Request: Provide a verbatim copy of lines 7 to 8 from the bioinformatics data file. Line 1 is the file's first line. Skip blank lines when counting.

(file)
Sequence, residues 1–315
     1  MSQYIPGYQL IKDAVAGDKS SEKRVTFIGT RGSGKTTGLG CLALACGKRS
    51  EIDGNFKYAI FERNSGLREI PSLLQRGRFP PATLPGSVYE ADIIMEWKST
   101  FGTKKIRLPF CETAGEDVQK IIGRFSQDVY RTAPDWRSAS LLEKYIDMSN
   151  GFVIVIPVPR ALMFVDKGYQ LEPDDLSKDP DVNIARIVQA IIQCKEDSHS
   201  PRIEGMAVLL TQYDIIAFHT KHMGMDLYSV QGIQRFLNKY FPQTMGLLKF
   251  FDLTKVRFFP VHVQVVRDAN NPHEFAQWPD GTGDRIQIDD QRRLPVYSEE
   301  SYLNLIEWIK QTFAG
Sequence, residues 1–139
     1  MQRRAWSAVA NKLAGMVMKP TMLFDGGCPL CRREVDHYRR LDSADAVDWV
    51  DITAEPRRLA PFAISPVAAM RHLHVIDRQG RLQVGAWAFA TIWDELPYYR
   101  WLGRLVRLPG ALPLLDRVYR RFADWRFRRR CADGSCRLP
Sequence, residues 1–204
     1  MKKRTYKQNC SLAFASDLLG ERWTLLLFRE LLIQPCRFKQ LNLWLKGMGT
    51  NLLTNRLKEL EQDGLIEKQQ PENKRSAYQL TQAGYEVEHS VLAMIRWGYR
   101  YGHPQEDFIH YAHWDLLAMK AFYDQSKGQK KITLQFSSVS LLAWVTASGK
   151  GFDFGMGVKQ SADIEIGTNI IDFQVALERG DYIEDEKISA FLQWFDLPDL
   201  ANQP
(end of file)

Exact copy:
   251  FDLTKVRFFP VHVQVVRDAN NPHEFAQWPD GTGDRIQIDD QRRLPVYSEE
   301  SYLNLIEWIK QTFAG